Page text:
4. Conclusion

We experienced 2 cases of Legionella pneumophila pneumonia with prolonged neurologic symptoms. In both cases, SPECT was able to detect hypoperfusion in the brain, even though no abnormalities were observed on CT or MRI. Vasculopathy detected by SPECT might be one of the causes of neurologic dysfunction in patients with Legionnaires’ disease.

Competing Interests

The authors declare that they have no competing interests.

References

  1. A. Weir, I. Bone, and D. H. Kennedy, “Neurological involvement in legionellosis,” Journal of Neurology Neurosurgery and Psychiatry, vol. 45, no. 7, pp. 603–608, 1982. View at: Publisher Site | Google Scholar
  2. J. D. Johnson, M. J. Raff, and J. A. Van Arsdall, “Neurologic manifestations of legionnaires' disease,” Medicine, vol. 63, no. 5, pp. 303–310, 1984. View at: Google Scholar
  3. K. R. Shetty, C. L. Cilyo, B. D. Starr, and D. H. Harter, “Legionnaires' disease with profound cerebellar involvement,” Archives of Neurology, vol. 37, no. 6, pp. 379–380, 1980. View at: Publisher Site | Google Scholar
  4. N. Imai, N. Yagi, T. Konishi, M. Serizawa, and M. Kobari, “Legionnaires' disease with hypoperfusion in the cerebellum and frontal lobe on single photon emission computed tomography,” Internal Medicine, vol. 47, no. 13, pp. 1263–1266, 2008. View at: Publisher Site | Google Scholar
  5. L. M. L. de Lau, D. A. M. Siepman, M. J. M. Remmers, G. M. Terwindt, and R. Q. Hintzen, “Acute disseminating encephalomyelitis following legionnaires disease,” Archives of Neurology, vol. 67, no. 5, pp. 623–626, 2010. View at: Publisher Site | Google Scholar
  6. J. C. Morgan, R. Cavaliere, and V. C. Juel, “Reversible corpus callosum lesion in legionnaires' disease,” Journal of Neurology, Neurosurgery and Psychiatry, vol. 75, no. 4, pp. 651–654, 2004. View at: Publisher Site | Google Scholar
  7. K. Kunimasa, M. Saigusa, T. Yamada, and T. Ishida, “Reversible lesion in the splenium of the corpus callosum associated with Legionnaires' pneumonia,” BMJ Case Reports, vol. 2012, 2012. View at: Publisher Site | Google Scholar
  8. Y. Daaboul, B. A. Vern, and M. J. Blend, “Brain SPECT imaging and treatment with IVIg in acute post-infectious cerebellar ataxia: case report,” Neurological Research, vol. 20, no. 1, pp. 85–88, 1998. View at: Google Scholar
  9. S. Nagamitsu, T. Matsuishi, M. Ishibashi et al., “Decreased cerebellar blood flow in postinfectious acute cerebellar ataxia,” Journal of Neurology, Neurosurgery and Psychiatry, vol. 67, no. 1, pp. 109–112, 1999. View at: Publisher Site | Google Scholar
  10. K. Miyamoto, M. Fujisawa, H. Hozumi et al., “Systemic inflammatory response syndrome and prolonged hypoperfusion lesions in an infant with respiratory syncytial virus encephalopathy,” Journal of Infection and Chemotherapy, vol. 19, no. 5, pp. 978–982, 2013. View at: Publisher Site | Google Scholar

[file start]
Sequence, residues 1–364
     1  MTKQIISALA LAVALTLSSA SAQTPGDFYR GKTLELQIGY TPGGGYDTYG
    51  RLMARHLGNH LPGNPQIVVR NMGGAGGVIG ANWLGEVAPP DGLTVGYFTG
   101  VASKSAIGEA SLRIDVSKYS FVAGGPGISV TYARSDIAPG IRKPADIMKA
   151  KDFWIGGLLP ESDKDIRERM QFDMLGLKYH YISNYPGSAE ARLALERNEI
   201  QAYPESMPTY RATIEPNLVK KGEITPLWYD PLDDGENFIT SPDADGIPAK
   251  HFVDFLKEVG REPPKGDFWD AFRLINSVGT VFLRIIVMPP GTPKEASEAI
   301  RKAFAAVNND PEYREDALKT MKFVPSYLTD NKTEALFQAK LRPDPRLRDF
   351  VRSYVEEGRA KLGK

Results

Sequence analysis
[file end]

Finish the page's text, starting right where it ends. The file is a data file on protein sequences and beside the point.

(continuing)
11. W. W. Pendlebury, D. P. Perl, W. C. Winn Jr., and J. B. McQuillen, “Neuropathologic evaluation of 40 confirmed cases of Legionella pneumonia,” Neurology, vol. 33, no. 10, pp. 1340–1343, 1983. View at: Publisher Site | Google Scholar
  12. A. Baskerville, J. W. Conlan, L. A. E. Ashworth, and A. B. Dowsett, “Pulmonary damage caused by a protease from Legionella pneumophila,” British Journal of Experimental Pathology, vol. 67, no. 4, pp. 527–536, 1986. View at: Google Scholar
  13. I. Finsel and H. Hilbi, “Formation of a pathogen vacuole according to Legionella pneumophila: how to kill one bird with many stones,” Cellular Microbiology, vol. 17, no. 7, pp. 935–950, 2015. View at: Publisher Site | Google Scholar
  14. I. S. Szer, J. H. Miller, D. Rawlings, B. Shaham, and B. Bernstein, “Cerebral perfusion abnormalities in children with central nervous system manifestations of lupus detected by single photon emission computed tomography,” Journal of Rheumatology, vol. 20, no. 12, pp. 2143–2148, 1993. View at: Google Scholar

Copyright © 2016 Hiromitsu Ohta et al. This is an open access article distributed under the Creative Commons Attribution License, which permits unrestricted use, distribution, and reproduction in any medium, provided the original work is properly cited.


More related articles

1750 Views | 462 Downloads | 0 Citations
 PDF  Download Citation  Citation
 Download other formatsMore
 Order printed copiesOrder

Related articles

We are committed to sharing findings related to COVID-19 as quickly and safely as possible. Any author submitting a COVID-19 paper should notify us at help@hindawi.com to ensure their research is fast-tracked and made available on a preprint server as soon as possible. We will be providing unlimited waivers of publication charges for accepted articles related to COVID-19. Sign up here as a reviewer to help fast-track new submissions.